Five recommendations for your college application essays

College Admissions

Beautiful student writing an essay in a libraryAfter your SAT and ACT scores and your GPA, your essays are the most important part of your college application. Why? Because they are the only part of your whole file that encompasses you and your personality entirely. Your essays let schools see how you think, what you find important, how you write, and how you choose to present yourself. This makes essays extremely important--and that means they should be given a fair amount of time and consideration on your end.

Here are five things you have to do when you're writing your college essays:

Brainstorm

Sure, you might have a great idea for an essay right away, but that doesn't mean you should start writing about that idea immediately. Take some time to brainstorm a few different options--you never know, you might come up with an even better great idea. And brainstorming will also help you really flesh out each thought and ensure you have enough to write about. Just sit down with a pen and paper, focus on the essay topic, and let your mind do the work. Trust me--it will help! 

Outline

Once you've picked out an idea, outline it. I know, I know--outlining is dull and you'd rather just be writing the essay. However, outlining will help you keep your essay on track when you start writing it. Your essay needs to be clear, cohesive, and linear in order to really capture and captivate your readers, and outlining is the best way to get that done. 

Write multiple drafts

There's a saying that many writers abide by: "There's no good writing--there's only good re-writing." This holds true for application essays, too. You might be tempted to write a first draft and call it a day, but if you just walk away from this first draft for a day or two (yup, that long--it works better than if you only step away for a few hours) and then come back to it, you'll be surprised at how many things you'll see that you can switch around or change--and these switches and changes will almost always improve your essay.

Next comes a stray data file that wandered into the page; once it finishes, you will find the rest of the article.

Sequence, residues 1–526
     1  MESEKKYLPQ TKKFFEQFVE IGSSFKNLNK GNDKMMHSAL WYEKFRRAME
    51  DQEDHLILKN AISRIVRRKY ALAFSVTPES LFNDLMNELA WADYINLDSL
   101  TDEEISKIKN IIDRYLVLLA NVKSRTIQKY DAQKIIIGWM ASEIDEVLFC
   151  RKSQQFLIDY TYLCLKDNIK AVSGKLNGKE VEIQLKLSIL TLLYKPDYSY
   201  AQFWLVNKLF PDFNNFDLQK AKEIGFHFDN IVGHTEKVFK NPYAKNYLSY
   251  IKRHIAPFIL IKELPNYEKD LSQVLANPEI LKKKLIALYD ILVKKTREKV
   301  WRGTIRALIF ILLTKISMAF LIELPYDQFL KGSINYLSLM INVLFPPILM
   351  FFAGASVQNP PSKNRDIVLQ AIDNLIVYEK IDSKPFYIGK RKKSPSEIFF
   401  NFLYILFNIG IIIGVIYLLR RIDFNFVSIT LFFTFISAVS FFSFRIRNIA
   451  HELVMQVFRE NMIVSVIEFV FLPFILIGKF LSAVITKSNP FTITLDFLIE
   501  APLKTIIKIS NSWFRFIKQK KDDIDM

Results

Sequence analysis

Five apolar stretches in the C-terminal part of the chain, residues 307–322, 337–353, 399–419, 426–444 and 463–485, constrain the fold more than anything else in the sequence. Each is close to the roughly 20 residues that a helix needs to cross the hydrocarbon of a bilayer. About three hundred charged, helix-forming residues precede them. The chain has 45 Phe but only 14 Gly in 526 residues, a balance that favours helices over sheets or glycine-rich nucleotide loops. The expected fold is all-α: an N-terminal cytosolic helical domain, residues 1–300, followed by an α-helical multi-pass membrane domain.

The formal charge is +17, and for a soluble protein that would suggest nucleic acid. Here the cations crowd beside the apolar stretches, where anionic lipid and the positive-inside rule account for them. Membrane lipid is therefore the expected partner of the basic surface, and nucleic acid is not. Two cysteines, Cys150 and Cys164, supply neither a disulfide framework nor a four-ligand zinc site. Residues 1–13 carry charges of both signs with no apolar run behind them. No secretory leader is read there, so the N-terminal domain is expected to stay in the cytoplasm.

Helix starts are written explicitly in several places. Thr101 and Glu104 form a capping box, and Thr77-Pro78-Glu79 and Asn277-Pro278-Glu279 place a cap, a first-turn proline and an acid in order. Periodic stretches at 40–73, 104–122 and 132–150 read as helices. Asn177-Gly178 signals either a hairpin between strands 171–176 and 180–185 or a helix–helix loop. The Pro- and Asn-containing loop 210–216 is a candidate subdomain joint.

Proofread

Proofing means you read extremely carefully for spelling, grammar, and punctuation errors. If you're unsure of how to spell a word, use dictionary.com--it's a great resource. And if you're not sure of a particular grammatical construction or punctuation mark, recruit your most English-savvy friend to help. Trust me--it's worth it. Nothing erodes the quality of your essay as fast as poor spelling, grammar, and punctuation usage. And don't rely on the spellchecker in your word processor, either--while it can catch some errors, it won't catch things like "to" instead of "too" or "butt" instead of "but." 

Have others read it

Once you've done all you can to get your essay as perfect as possible, have others read it. Involve your friends, family--even teachers. One of the great things about having others read your essay is that you can have a fresh pair of eyes take a look at everything in your essay, from topic choice to spelling (and everything in between). Ask your readers to not just read for content and topic, but to keep an eye for errors and inconsistencies, too. Since they haven't been staring at the essay endlessly (as you probably have), they are much more likely to catch any errors you may have missed. 

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It may seem like that's a lot of work for just one essay, but trust me: it's worth it. When you consider that those essays hold more weight than most everything else on your application, you start to see that spending that time and effort on them not only makes sense, but is absolutely necessary. Take your time and do those essays the right way--it will help elevate your application and may even clinch you a spot at your top choice!

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